But they soon became a scarce commodity. Perhaps the scarcity of the availability of the earlier volumes, or the advent of the Kargil War motivated Gandhi to finally come up with a third edition in 2006. The book underwent a drastic change in its quality. It was bought out in a coffee table format and measured __ x __. The quality of the production turned out to be excellent, and the quality of photographs in the book finally caught up with the standards of today. The book underwent a change in title - it is now renamed as Portraits of Valour: India's Highest Gallantry Awards and their recipients. Continuing with the previous format, the book now lists a total of 1557 award details. These are broken up into 21 Param Vir Chakras, 218 Maha Vir Chakras and 1318 Vir Chakras. For every single award or bar, the photograph of the recipient, the personal details of the recipient and the official citation of the award is reproduced.
I was delighted to find the details of all the 97 gallantry awards from the Kargil Operations, complete with citations. Though photographs of the Kargil awardees were not forthcoming in all the cases, the information provided is something that never before made it into the public domain. The book also deals with nearly 100 awards from the Sri Lankan - IPKF fiasco. In addition to the award details, there are several sections of interest in the book. In no particular order, the sections that stood out were:
â€¢ Orders of Precedence of the Awards, separate lists for 1952 (which list a mere 12 awards), 1961, 1973 and 1976.
â€¢ A section with the Gazette notification on institution of medals. A drawing of the medal and the description taken from the government gazette notification including the eligibility criteria is provided.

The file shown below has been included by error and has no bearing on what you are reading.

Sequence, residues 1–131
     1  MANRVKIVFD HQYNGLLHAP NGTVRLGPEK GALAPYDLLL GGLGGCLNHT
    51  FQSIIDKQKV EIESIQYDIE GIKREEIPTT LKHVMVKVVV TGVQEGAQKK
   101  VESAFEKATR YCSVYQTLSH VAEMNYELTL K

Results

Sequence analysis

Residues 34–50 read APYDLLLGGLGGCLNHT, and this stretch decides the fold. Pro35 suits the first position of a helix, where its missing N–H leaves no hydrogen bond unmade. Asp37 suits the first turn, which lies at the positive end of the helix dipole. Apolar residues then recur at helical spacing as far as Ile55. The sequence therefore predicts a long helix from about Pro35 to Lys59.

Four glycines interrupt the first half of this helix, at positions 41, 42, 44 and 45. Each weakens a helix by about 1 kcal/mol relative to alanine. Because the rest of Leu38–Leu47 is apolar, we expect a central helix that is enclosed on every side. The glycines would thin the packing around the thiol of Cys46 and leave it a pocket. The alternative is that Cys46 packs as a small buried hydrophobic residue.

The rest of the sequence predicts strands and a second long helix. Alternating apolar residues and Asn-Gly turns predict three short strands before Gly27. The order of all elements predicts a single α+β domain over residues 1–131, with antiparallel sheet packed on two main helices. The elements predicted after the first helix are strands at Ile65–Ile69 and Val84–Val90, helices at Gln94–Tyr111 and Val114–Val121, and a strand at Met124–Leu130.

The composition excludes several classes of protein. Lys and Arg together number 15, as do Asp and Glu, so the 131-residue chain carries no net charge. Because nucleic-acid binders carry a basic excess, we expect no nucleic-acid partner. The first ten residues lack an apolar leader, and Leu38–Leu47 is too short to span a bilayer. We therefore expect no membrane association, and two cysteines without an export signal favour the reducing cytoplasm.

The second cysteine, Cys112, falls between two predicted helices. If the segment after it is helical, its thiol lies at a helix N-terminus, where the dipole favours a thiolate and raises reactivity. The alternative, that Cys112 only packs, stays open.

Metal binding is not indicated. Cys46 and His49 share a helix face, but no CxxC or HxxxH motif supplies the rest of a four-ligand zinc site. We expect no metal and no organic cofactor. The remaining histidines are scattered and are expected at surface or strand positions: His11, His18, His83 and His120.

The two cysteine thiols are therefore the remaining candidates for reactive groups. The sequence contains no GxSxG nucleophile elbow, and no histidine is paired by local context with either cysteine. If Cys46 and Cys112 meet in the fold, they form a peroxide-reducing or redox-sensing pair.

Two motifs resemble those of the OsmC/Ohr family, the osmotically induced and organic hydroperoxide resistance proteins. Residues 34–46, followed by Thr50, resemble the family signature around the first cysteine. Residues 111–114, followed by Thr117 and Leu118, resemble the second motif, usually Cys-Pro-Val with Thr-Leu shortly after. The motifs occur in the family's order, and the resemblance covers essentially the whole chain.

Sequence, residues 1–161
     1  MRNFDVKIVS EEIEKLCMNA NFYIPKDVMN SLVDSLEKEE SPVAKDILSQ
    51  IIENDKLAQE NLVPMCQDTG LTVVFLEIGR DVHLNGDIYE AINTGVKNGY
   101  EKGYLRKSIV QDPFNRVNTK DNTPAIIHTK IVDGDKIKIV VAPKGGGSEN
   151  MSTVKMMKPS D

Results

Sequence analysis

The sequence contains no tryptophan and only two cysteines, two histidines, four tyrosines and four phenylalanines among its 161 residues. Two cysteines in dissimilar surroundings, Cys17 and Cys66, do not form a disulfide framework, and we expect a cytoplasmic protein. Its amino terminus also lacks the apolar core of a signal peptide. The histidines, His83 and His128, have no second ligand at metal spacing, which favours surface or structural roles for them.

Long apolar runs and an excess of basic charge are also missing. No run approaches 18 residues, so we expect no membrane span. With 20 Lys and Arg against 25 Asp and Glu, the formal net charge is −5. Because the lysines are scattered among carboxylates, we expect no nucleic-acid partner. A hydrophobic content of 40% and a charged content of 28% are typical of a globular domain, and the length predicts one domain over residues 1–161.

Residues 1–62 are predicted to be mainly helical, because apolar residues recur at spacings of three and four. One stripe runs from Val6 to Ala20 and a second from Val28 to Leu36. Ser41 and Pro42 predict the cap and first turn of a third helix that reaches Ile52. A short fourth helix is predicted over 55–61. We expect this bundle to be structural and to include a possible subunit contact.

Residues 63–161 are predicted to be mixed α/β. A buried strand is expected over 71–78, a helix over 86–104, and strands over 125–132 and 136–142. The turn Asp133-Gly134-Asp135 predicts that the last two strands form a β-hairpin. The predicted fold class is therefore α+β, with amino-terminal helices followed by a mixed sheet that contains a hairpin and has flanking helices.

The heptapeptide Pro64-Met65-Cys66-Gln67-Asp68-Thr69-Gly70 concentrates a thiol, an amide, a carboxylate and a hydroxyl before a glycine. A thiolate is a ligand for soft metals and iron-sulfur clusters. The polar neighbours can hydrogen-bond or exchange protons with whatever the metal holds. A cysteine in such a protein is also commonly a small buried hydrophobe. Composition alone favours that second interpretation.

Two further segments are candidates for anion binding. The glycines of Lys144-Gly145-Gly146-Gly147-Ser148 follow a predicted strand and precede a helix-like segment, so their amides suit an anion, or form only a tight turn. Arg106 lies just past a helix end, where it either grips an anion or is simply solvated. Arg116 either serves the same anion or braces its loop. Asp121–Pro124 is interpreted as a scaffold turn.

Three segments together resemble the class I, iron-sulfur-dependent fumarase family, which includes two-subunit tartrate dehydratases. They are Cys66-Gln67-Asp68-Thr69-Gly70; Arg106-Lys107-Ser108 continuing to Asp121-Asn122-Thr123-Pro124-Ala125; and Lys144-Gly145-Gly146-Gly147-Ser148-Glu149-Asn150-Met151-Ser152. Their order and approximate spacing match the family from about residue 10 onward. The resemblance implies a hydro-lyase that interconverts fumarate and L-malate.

â€¢ One section that does all the statistical analysis for you, giving tables of the medal distribution by regiment, force, period, war, ranks, schools, state wise and virtually any other combination one can think of.
â€¢ The book ends with a listing of Victoria Cross winners and their photos, citations and personal details. The Victoria Cross is the only British Award so covered.
The only grouse that I could come up with was the absence of some citations. One wishes that the Indian Air Force related citations from the 1947-48 War were published. In many cases it was not possible for the editor to find these. Not surprising, for one IAF Veteran who received the Vir Chakra from that war, himself confirmed he never saw his own citation! At least one award from the Siachen Operations was missing in the listings. Then there is the case of the missing ISBN. The lack of an ISBN will create problems in the availability of the book across the world. At least popular websites will not be able to list it without an ISBN. But these are all nitpicks - given a chance I would recommend this book to any one with a keen interest in Post-1947 Indian military history. As expected, the book is quite heavy, and postage overseas will be high, but for those in India at least, the postage is included in the cost of the book.
This book can be ordered directly from the publisher by emailing them at firstname.lastname@example.org
or by phone/fax;
The Defence Review
1605, B-1, Vasant Kunj
New Delhi - 110 070